Do you think that your teen is addicted to drugs? A substance addiction in a teenager is overwhelming for the entire family and you might not know where to begin. You might not know whether your teen needs help to begin with, how you will convince him or her to get help, where to find a reputable treatment center, or what to expect during and after treatment. Here’s a guide to what you need to know teen drug addiction treatment.
Signs That Your Teen Needs Drug Addiction Treatment
Many teens will experiment occasionally with drugs or alcohol. How can you determine whether their use is a one-time or occasional event, an addiction in the making, or a full-blown addiction? First, it’s important to keep in mind that experimentation is not harmless; if your teen is in this phase of drug use, set strong boundaries and consequences.
Here are some signs that your teen’s occasional experimentation might be turning into an addiction:
- Lying to cover up where he or she has been or what they’ve been doing.
- Dropping one friend group and associating with peers who are known to be into drinking and drugs.
- A disheveled appearance: poor hygiene, not caring about hair or makeup, wearing the same clothes for several days in a row.
- Slipping grades.
- A loss of interest in keeping up with friends, extracurricular activities, and an afterschool job.
- Coming home under the influence or not coming home at all.
- Disruptive, destructive, rude behavior. Your teen might show a lot of anger or become violent.
If you notice these signs, an evaluation for a drug addiction is likely in order.
Convincing Your Teen That Treatment Is Needed
One common attitude among teens who have an addiction is, “I don’t need help.” There are several reasons for this:
- Your teen might think he or she can simply stop whenever they want to
- They might be embarrassed
- They might have no desire to stop
Although you can assert your authority and insist that your underaged teen get help, he or she is the one who will need to accept the help and do the work of recovering.
Talk to your teen lovingly and without judgment, but let them know that drug use is not going to be tolerated. Since many teens won’t listen to their parents, you might want to bring in another adult who your teen trusts. Have a heart-to-heart conversation and hear out your teen’s objections to starting rehab. You can address each of his or her concerns as they come up. Talking to a substance abuse counselor about these issues can also help set your teen’s mind at ease about the process.
Where to Start in Finding Teen Drug Addiction Treatment
If you suspect that your teen has an addiction, going to his or her primary care physician, preferably one who your child has been seeing for at least a few years and has built up a relationship with, can be the best first step. This doctor can screen your adolescent for an addiction and make suggestions as to where you should go to pursue teen drug addiction treatment. Your teen’s primary care physician might have to handle the referral process, depending on how your health insurance works.
Other sources of recommendations can come from other parents who have already been down this path. You could try asking at a local support group for parents of addicted teens. Your health insurance company will also have a list of programs that they participate with. You can start with that list and narrow it down from there.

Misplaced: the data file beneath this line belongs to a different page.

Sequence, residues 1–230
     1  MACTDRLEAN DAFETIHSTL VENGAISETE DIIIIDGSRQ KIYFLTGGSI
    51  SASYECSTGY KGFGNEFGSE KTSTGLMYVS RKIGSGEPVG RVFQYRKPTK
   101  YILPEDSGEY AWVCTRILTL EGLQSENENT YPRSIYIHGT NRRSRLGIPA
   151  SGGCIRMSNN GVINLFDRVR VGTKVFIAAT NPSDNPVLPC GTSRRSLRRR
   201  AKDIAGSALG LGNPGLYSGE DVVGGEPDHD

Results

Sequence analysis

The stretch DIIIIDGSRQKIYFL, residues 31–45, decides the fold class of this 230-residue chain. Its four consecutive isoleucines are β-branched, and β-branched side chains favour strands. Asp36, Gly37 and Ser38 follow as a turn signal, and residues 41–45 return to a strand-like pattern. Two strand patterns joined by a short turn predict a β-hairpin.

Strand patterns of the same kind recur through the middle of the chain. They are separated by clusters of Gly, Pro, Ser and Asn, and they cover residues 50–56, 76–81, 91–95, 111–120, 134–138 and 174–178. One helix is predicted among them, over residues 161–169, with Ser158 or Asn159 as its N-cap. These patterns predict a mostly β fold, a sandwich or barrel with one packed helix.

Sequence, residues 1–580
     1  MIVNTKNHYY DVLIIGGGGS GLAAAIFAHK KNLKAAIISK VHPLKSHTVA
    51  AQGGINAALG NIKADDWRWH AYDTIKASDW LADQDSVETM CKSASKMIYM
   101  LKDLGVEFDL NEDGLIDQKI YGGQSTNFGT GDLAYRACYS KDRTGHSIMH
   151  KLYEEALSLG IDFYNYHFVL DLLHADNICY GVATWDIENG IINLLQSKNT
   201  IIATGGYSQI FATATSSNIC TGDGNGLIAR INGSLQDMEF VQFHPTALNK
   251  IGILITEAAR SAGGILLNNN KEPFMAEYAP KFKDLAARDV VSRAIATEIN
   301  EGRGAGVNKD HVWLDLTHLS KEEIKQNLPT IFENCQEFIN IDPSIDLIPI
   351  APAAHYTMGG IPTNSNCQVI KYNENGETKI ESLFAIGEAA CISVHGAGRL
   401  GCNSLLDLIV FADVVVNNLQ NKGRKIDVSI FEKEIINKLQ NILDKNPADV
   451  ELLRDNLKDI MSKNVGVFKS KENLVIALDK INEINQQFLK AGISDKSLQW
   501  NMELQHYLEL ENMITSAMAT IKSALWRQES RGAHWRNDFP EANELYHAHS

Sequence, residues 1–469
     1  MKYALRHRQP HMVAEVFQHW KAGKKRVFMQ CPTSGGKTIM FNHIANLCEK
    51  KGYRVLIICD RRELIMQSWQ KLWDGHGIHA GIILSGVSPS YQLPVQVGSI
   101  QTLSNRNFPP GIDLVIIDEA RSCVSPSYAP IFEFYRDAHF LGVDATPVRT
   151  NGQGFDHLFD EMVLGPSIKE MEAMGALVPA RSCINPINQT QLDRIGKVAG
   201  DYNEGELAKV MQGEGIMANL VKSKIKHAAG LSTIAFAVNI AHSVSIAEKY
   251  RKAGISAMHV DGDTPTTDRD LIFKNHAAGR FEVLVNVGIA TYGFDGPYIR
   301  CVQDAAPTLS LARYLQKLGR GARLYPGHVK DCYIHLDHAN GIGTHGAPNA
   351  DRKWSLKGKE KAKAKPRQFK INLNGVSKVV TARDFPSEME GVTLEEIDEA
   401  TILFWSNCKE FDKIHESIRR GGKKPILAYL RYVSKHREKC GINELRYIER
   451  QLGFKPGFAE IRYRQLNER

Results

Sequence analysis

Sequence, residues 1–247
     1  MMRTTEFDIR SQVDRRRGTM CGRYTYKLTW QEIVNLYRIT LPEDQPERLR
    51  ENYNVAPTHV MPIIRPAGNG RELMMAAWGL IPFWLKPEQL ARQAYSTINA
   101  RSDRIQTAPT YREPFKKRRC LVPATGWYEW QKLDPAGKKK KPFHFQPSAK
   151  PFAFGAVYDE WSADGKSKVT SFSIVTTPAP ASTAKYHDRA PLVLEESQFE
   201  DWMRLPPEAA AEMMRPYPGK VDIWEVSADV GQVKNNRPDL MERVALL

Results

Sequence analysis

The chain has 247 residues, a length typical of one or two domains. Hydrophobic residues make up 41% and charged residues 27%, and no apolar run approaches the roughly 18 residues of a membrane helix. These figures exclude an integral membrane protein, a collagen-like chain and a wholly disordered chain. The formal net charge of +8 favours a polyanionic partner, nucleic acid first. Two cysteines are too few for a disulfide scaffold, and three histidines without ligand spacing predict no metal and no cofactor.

What to Expect During Treatment
Your teen will likely be apprehensive about treatment, so it can be beneficial to do some research so you know what to expect. The teen drug addiction treatment center you choose will be the best source of information on what he or she can expect on a day-to-day basis. In general, though, there will be some individual therapy, some group therapy, a support group, and various activities.
As a parent, it’s important for you to know what to expect, too. It’s likely that you will not be able to contact your teen for a specified period of time. He or she might not be able to use a cellphone for some or all of their time in rehab. Talk to the staff about when you can receive updates and when you will be able to contact and visit your child.
What to Expect After Treatment
When your teen comes out of rehab, his or her recovery is not over. Keep in mind that recovering from a drug addiction is a lifelong process. After the intensive phase of treatment is over, your teen will still need to attend counseling and a support group. These forms of continued teen drug addiction treatment are essential to help prevent a relapse.
A relapse happens to a majority of recovering addicts. It doesn’t mean that the treatment has failed; for many people, it’s just part of the process. You should be aware of the signs of a relapse (they are mostly the same as the signs of addiction that you noticed in the first place). You should also know that your teen needs to find a new group of friends and new activities to fill his or her time. A bored recovering teen is susceptible to a relapse, so get your teen involved in activities and with people who will support them in their journey.
During all of this, it’s helpful if you can join a support group for parents and loved ones of addicts. The rehab center should be able to refer you to a group. It’s difficult, frustrating, and scary to have someone you love, particularly your child, affected by a drug addiction, and it’s helpful to talk to other parents who have walked down the road already. As time passes, you’ll be an encouragement to those who are beginning the process with their own teenagers. Seeking the help you need is a great way to set a good example for your teen and the rest of your family.